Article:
Essay about Anti-Obesity Effects of Polyunsaturated Fatty Acids

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Anti-obesity effects of polyunsaturated fatty acids

Introduction
In recent years, obesity has become a significant health problem in industrialized countries such as the United States. Obesity is strongly associated with increased risk of developing type 2 diabetes mellitus, hypertension, dyslipidemia, coronary heart disease, and congestive heart failure. The World Health Organization has defined obesity as one of the top ten global health problems. High-fat diets containing large amounts of saturated fat and low amounts of unsaturated fat, may directly increase the prevalence of obesity (Li, 2008). Research studies have suggested that polyunsaturated fatty acids have an influence on body adiposity, and may exert “anti-obesity” effects
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These fish oils are not produced in humans, but are not considered essential; although they take part in important functions such as in cell membranes, gene interactions, and others (Williams, 2009). For example, omega 3 fatty acid supplementation containing DHA has been observed to lessen the inflammatory component of several chronic diseases (Browning 2003; Calder 2006). The cardioprotective effects of supplementing DHA and EPA are well documented; they have been shown to reduce total serum triacylglycerol concentrations, blood pressure, platelet aggregation, and inflammation (Breslow 2006; Richter 2003).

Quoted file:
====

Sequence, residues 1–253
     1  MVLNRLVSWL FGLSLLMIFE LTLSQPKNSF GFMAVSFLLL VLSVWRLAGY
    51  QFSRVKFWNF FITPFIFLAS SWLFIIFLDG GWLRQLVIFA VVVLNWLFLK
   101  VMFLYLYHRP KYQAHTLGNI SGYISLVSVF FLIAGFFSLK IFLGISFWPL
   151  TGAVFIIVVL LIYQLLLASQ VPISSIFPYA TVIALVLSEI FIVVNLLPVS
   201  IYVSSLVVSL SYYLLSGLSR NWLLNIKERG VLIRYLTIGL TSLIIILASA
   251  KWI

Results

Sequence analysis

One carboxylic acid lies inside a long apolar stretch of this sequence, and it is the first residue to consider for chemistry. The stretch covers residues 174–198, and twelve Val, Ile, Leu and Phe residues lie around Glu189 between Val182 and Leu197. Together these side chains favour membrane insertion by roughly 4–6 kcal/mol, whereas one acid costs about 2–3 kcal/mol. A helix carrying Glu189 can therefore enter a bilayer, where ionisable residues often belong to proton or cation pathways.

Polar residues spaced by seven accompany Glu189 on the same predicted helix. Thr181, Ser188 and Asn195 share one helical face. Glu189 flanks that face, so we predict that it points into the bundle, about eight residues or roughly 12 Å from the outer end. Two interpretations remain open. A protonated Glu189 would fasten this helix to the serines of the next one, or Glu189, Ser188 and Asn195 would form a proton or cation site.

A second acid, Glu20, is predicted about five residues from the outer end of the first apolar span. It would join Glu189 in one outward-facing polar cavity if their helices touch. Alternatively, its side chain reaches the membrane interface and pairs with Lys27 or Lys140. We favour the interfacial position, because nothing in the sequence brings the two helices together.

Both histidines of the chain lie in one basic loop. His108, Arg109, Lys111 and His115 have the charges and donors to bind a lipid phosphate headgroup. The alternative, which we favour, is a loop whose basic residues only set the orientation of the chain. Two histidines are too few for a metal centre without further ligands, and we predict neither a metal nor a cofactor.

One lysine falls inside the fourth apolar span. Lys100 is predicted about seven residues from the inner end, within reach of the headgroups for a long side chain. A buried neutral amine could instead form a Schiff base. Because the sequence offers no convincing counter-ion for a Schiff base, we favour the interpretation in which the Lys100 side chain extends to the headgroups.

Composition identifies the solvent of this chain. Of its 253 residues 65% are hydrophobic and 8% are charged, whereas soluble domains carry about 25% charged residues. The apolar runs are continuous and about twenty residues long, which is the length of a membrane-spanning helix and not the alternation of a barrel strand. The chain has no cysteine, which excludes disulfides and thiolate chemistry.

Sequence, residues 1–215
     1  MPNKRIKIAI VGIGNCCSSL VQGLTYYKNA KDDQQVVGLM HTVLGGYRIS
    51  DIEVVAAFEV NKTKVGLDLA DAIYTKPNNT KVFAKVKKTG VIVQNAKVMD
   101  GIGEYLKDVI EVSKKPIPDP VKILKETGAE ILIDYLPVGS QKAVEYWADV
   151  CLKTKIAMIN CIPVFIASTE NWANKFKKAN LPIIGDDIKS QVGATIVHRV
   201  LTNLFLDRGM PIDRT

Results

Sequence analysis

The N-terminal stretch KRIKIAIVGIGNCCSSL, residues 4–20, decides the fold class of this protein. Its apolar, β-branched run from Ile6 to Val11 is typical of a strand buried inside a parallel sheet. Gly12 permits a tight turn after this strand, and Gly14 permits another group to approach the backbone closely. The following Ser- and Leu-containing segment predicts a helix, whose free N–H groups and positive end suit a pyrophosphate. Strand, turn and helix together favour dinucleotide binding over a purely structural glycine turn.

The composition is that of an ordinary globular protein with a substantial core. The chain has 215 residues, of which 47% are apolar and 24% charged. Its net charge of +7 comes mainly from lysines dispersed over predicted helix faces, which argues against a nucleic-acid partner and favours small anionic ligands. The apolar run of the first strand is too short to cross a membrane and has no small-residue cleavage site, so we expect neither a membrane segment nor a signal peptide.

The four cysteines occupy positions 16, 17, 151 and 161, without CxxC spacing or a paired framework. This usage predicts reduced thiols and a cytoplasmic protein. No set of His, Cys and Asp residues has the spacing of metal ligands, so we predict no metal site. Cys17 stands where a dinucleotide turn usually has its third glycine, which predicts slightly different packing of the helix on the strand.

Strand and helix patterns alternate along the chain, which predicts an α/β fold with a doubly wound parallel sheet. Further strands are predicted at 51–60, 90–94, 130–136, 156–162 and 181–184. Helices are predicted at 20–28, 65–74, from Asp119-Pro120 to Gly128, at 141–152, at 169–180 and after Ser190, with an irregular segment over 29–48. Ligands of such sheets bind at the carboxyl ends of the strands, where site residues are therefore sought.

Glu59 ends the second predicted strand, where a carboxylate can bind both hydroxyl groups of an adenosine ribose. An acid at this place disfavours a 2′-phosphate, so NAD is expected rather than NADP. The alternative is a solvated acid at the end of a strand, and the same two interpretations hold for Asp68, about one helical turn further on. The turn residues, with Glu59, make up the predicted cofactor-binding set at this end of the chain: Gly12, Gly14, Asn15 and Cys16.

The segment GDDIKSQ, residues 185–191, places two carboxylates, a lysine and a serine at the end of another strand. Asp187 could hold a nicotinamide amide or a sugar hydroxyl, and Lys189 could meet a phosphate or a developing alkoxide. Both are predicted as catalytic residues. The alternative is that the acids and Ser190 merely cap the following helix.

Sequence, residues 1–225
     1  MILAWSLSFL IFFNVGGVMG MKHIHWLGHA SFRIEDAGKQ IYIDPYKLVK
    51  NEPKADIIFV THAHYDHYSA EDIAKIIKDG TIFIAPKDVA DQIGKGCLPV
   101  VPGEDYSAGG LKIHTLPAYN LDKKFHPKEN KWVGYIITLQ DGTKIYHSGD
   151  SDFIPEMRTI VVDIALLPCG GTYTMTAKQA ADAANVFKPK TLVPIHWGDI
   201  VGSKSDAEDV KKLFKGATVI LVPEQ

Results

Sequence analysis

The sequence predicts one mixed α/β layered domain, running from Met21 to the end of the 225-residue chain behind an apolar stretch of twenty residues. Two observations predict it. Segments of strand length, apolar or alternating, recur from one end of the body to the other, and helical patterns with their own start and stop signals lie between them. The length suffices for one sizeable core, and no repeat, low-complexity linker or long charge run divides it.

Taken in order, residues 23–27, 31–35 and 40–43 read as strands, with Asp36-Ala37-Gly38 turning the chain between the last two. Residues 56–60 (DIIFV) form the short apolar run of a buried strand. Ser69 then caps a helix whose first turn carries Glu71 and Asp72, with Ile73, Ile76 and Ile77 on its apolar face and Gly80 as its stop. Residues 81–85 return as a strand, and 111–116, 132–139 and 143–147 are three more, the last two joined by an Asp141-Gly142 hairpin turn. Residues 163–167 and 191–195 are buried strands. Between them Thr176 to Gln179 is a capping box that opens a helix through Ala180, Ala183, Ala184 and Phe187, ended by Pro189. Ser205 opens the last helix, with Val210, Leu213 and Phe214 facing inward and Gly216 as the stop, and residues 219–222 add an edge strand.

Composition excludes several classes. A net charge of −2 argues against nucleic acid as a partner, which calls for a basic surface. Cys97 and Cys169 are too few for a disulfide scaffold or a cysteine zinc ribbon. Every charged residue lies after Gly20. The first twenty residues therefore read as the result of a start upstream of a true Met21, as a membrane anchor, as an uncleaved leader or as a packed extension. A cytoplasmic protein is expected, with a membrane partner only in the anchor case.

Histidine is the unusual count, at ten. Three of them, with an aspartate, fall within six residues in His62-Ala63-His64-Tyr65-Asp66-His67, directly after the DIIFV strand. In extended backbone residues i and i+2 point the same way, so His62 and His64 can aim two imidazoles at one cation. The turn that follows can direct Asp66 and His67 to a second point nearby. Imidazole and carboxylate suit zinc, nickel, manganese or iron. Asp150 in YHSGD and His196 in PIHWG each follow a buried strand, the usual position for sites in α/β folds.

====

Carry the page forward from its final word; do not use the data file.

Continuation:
Far fewer studies have focused on the “anti-obesity” effects of DHA and EPA. However, these studies have reported enhanced lipid oxidation, increased thermogenesis, prevention of free fatty acids from entering adipocytes for lipogenesis, as well as other potential “anti-obesity” effects (Li, 2008).

Underlying Mechanisms of Anti-Obesity Effects of PUFA
PUFA decrease energy intake and/or increase energy expenditure
The body’s ability to maintain a balance between energy intake and output is controlled by multiple complex systems and imbalance of this system leads to metabolic symptoms such as obesity. Obesity normally occurs when energy intake exceeds energy output (Hanbauer et al 2009). It has been shown that overtime appetite is stimulated when there is a decrease in the circulating level of fat metabolizing products. An individual’s
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